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Enchantment Lake

Enchantment Lake: A Northwoods Mystery

Copyright Date: 2015
Pages: 200
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  • Book Info
    Enchantment Lake
    Book Description:

    A disturbing call from her great aunts Astrid and Jeannette sends seventeen-year-old Francie far from her new home in New York into a tangle of mysteries. Ditching an audition in a Manhattan theater, Francie travels to a remote lake in the northwoods where her aunts' neighbors are "dropping like flies" from strange accidents. But are they accidents?

    On the shores of Enchantment Lake in the woods of northern Minnesota, something ominous is afoot, and as Francie begins to investigate, the mysteries multiply: a poisoned hot dish, a puzzling confession, eerie noises in the bog, and a legendary treasure that is said to be under enchantment-or is that under Enchantment, as in under the lake? At the center of everything is a suddenly booming business in cabin sales and a road not everyone wants built.

    To a somewhat reluctant northwoods Nancy Drew, the intrigue proves irresistible, especially when it draws her closer to the mysteries at the heart of her own life: What happened to her father? Who and where is her mother? Who isshe, and where does her heart lie-in the bustle of New York City or the deep woods of Minnesota? With its gripping story, romantic spirit, and a sly dash of modern-day trouble (evil realtors and other invasive species),Enchantment Lakewill fascinate readers, providing precisely the charm that Margi Preus's readers have come to expect.

    eISBN: 978-1-4529-4462-3
    Subjects: Language & Literature

Table of Contents

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  1. Front Matter
    (pp. [i]-[vii])
  2. Table of Contents
    (pp. [viii]-[x])
    (pp. 1-4)

    Drowning, Francie thought. That’s what this was like. You plunged into the cool, quiet darkness of the theater from the hot, bright street and sank into the gloom of the back rows of the house. And waited. Waited for the air to be squeezed, slowly but surely, from your lungs. Waited while your nerves frayed. Waited for your turn to audition.

    From here, the voices on stage were like those on a distant shore, calmly conversing while Francie struggled, unobserved in the darkness, to keep her head above water. Her chest hurt, and something gnawed at the lining of her...

    (pp. 5-10)

    The trip was agony—everything was taking too long! She couldn’t help imagining the worst scenarios. All the way through security: what if something horrible had happened? During the long flight: if her aunts’ lives were in danger, what did she think she was going to be able to do about it, anyway?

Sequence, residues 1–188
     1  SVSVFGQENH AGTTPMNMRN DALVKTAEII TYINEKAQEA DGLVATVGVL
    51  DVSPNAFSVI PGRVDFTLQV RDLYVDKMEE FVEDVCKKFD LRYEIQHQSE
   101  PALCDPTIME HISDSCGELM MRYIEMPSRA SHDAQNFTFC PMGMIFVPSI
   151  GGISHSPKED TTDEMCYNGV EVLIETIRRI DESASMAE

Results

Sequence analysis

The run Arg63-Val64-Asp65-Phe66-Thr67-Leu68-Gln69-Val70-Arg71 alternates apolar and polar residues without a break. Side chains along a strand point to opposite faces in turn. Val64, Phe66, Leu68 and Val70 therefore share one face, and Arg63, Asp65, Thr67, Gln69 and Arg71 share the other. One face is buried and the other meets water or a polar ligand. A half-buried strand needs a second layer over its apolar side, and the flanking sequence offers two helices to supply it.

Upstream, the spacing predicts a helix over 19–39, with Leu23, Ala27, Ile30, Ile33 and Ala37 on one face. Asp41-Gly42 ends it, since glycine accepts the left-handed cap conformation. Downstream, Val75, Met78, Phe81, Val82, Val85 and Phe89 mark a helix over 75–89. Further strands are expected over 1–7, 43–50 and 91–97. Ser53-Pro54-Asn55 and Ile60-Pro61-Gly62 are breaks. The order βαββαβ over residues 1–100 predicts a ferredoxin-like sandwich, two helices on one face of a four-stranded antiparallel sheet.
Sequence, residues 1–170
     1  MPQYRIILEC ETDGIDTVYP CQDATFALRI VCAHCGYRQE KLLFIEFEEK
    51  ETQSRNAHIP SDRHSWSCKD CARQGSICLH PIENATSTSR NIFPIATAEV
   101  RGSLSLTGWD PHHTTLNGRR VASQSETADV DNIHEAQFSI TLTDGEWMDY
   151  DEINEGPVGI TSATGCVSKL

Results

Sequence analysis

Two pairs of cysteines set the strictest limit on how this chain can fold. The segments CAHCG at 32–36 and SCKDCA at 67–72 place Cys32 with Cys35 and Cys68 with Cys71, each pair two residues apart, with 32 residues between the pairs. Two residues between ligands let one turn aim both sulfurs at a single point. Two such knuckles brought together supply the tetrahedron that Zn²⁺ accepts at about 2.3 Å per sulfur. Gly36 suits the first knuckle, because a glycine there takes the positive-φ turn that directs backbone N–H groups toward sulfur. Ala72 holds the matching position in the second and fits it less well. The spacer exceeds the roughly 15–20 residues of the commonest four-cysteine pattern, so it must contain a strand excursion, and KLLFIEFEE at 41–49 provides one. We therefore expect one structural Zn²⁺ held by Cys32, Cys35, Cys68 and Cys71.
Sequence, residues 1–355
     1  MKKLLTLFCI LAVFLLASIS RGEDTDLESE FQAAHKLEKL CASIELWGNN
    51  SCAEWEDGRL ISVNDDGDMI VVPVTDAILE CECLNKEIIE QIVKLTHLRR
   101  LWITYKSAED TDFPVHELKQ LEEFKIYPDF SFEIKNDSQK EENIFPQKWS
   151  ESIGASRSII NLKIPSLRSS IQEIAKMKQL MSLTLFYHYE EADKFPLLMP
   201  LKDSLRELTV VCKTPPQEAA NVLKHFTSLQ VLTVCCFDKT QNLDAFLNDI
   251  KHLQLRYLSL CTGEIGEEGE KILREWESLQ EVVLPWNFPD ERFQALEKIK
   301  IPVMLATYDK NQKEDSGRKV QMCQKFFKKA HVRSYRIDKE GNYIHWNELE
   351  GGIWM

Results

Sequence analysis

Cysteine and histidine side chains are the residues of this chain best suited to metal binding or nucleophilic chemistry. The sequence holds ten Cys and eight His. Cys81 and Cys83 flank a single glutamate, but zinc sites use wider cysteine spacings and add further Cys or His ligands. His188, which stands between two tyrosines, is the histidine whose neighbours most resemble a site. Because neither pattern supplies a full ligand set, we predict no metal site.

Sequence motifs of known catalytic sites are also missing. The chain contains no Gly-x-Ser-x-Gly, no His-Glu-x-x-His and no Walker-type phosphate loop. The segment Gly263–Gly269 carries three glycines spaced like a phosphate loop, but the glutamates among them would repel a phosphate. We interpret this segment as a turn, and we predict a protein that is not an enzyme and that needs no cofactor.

And now the interminable bus ride, every mile of which was agony—the lurching stop it made in every little town, the blast of hot air as the door clattered open, the clamor of people getting on or off—made her grit her teeth in frustration.Couldn’t...

    (pp. 11-18)

    Francie stood for a moment listening to the boat’s wake wash against the shore. It had always struck her as a lonely sound and seemed even lonelier now that she was by herself. Maybe she should have asked Sandy to come with her. Why had she said no?

    It was eerie how silent everything was. Once the lake was still again and the boat long gone, it was too quiet. No slamming of screen doors or squeals of kids playing in the lake, of parents calling their children home for dinner. But perhaps those were just sounds from her memory,...

    (pp. 19-23)

    The boathouse had been Francie’s favorite place to sleep when she was a kid, and her aunts remembered that. They must have known she would come back, too, because they’d obviously prepared it: the canoe had been taken out, the floor swept, the bed made up.

    Lying in the creaky bunk with the windows open, only inches from the water, Francie tried to recall her childhood wonderment. But instead of feeling the magic of wind and waves, what she noticed was the insistent drone of mosquitoes on the other side of the screens, the scratching of a mouse somewhere, and...

    (pp. 24-34)

    “They’ll call it suicide, but it isn’t,” Astrid said the next morning, taking a sip of coffee.

    Francie choked on her bite of toast. “What isn’t suicide?”

    “The shooting down the way. What do you think that loud bang was in the middle of the night?”

    “Fireworks,” Francie said.

    Astrid set her cup in its saucer and pursed her lips in the same disappointed way she had when as a kid Francie sat on the nice furniture in her wet swimsuit. “All thoseotherbangs were fireworks, but that one bang, in the very early morning hours, was a shotgun,”...

    (pp. 35-41)

    The brief rain had ended and the sun had come out, so Francie continued on, running again, hoping she’d be just a blur and unrecognizable. She jogged along the old familiar path, noticing that the trees seemed even bigger than she remembered. Well, trees never stopped growing, did they?

    Of the people she’d met so far, only the potter and Ginger seemed young and spry enough to have followed her the previous night. The potter hadn’t seemed the slightest bit interested in her, and Ginger was an old friend. As for murderers—she hadn’t seen anyone who would fit that...